Throughout 2021, the Oil and Gas Authority (“OGA”) faced a number of legal challenges from environmental campaigners. Perhaps the most significant example was the judicial review challenge to the OGA Strategy which was given leave in July and proceeded to a full hearing in December 2021.
On 18 January 2022, Mrs Justice Cockerill handed down her judgment in R (on the application of Cox and others) v Oil and Gas Authority and another  EWHC 75 (Admin), which dismissed the application on all grounds.
The regulatory regime for the UK offshore oil & gas industry, established in 2016, is based on a requirement known as the “principal objective”, which is defined in the Petroleum Act 1998 section 9A as “the objective of maximising the economic recovery of UK petroleum…” known as “MER”. The OGA is also required to publish one or more strategies for the purpose of enabling the principal objective to be met.
The original MER Strategy was implemented shortly after the establishment of the OGA in 2016. On 11 February 2021, a revised strategy, the “OGA Strategy”, took effect. To enable the principal objective to be met, this imposes on industry a “Central Obligation” in two parts:
Like its predecessor, the Central Obligation glosses the principal objective by requiring regulated companies to take the steps necessary to “secure that the maximum value of economically recoverable petroleum is recovered from the strata beneath relevant UK waters”;
In addition (and for the first time) there is a second limb to the Central Obligation, so that regulated companies are required, in seeking to comply with the first limb, to “take appropriate steps to assist the Secretary of State in meeting the net zero target, including by reducing as far as reasonable in the circumstances greenhouse gas emissions from sources such as flaring and venting and power generation, and supporting carbon capture and storage projects.”
Key to the precise scope of the Central Obligation is what is meant by “economically recoverable petroleum”. The OGA Strategy defines the term “economically recoverable” in relation to petroleum as
“those resources which could be recovered at an expected (pre-tax) market value greater than the expected (pre-tax) resource cost of their extraction, where costs include both capital and operating costs (including carbon costs) but exclude sunk costs and costs (such as interest charges) which do not reflect current use of resources. In bringing costs and revenues to a common point for comparative purposes a 10% real discount rate will be used. Where relevant, UK Government carbon appraisal values for all greenhouse gas emissions will be used combined with the associated real terms social discount rate”.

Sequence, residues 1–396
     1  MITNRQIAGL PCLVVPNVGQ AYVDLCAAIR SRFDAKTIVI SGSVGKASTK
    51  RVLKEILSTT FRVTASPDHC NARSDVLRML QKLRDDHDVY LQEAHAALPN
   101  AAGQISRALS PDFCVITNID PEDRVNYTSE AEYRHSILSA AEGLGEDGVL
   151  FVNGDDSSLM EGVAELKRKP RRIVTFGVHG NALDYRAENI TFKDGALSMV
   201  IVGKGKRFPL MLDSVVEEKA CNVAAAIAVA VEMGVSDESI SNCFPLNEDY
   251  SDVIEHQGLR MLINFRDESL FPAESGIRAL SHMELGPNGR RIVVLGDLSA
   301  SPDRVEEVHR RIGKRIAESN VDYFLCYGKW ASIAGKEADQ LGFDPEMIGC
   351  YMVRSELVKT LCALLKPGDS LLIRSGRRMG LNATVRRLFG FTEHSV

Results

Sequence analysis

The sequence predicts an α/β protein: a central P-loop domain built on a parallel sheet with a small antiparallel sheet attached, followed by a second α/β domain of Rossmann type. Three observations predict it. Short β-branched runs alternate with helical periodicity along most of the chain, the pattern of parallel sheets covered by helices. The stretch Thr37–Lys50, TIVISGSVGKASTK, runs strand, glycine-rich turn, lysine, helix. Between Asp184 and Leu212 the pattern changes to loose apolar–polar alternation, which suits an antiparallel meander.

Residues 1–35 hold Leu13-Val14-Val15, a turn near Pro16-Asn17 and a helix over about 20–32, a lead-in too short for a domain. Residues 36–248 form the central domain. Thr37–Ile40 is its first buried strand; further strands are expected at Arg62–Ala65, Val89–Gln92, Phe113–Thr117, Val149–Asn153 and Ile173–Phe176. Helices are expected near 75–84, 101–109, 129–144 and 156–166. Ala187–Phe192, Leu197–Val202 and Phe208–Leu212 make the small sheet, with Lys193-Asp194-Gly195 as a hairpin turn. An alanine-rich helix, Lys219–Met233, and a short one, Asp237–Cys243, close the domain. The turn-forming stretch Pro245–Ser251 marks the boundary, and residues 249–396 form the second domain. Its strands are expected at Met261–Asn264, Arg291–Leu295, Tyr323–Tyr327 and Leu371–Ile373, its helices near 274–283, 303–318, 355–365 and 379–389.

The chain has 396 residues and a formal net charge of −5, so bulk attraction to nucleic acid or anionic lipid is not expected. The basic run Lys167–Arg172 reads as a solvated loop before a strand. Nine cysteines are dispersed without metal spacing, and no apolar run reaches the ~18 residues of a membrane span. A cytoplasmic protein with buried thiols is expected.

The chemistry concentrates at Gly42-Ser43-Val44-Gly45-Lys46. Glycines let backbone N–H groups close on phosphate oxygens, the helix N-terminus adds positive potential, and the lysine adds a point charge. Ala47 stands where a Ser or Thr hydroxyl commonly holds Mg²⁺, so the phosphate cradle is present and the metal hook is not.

Application for judicial review
The Claimants’ challenge to the OGA Strategy asserted that the definition of “economically recoverable” was unlawful and/or frustrated the statutory purpose of the Act because:
it wrongly provides for a pre-tax approach when determining economic value, which is not provided for in the Petroleum Act’s definition of the “principal objective”; and
it fails to account for the financial support the industry receives, including tax breaks, meaning that activities uneconomic for the UK as a whole could be pursued as a result.
Separately, the Claimants challenged the Strategy on the grounds of irrationality, arguing that the Strategy’s definition of “economically recoverable” is irrational as it will result in increased levels of oil and gas production and thus increased greenhouse gas emissions and so conflicts with the purpose of the Climate Change Act 2008 and the government’s Net Zero Target.
The Claimants brought expert evidence on the UK tax regime. The judge was unimpressed with this evidence, considering that it failed to meet the standards set by the Civil Procedure Rules for such evidence, in that it failed to state the substance of all material instructions, whether written or oral and failed to distinguish clearly between matters of fact and opinion. However, in the event, this evidence was not particularly relevant to the arguments at hand.
Consideration and judgment
Ground 1 – Unlawfulness
There were two aspects to this claim.
The role of the Court
First, the Claimants argued that the meaning of a statutory provision is a question of law for the court, that there can be only one permissible interpretation of a statutory provision and that the OGA cannot choose its own definition.
Mrs Justice Cockerill rejected this argument comprehensively.